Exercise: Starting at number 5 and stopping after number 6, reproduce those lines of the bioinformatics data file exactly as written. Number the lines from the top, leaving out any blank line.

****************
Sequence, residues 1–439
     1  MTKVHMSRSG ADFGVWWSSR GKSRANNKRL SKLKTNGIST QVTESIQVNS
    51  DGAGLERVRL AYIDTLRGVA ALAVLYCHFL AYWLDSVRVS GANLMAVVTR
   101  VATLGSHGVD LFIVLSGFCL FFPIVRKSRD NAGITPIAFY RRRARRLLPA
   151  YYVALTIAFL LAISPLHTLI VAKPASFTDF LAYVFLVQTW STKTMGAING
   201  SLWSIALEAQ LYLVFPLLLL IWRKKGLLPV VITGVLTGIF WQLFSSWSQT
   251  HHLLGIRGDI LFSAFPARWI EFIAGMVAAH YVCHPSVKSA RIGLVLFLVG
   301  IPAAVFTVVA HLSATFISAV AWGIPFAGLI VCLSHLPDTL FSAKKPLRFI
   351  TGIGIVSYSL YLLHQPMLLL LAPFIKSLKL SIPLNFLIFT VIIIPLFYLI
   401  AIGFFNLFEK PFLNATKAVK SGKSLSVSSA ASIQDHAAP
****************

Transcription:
   151  YYVALTIAFL LAISPLHTLI VAKPASFTDF LAYVFLVQTW STKTMGAING
   201  SLWSIALEAQ LYLVFPLLLL IWRKKGLLPV VITGVLTGIF WQLFSSWSQT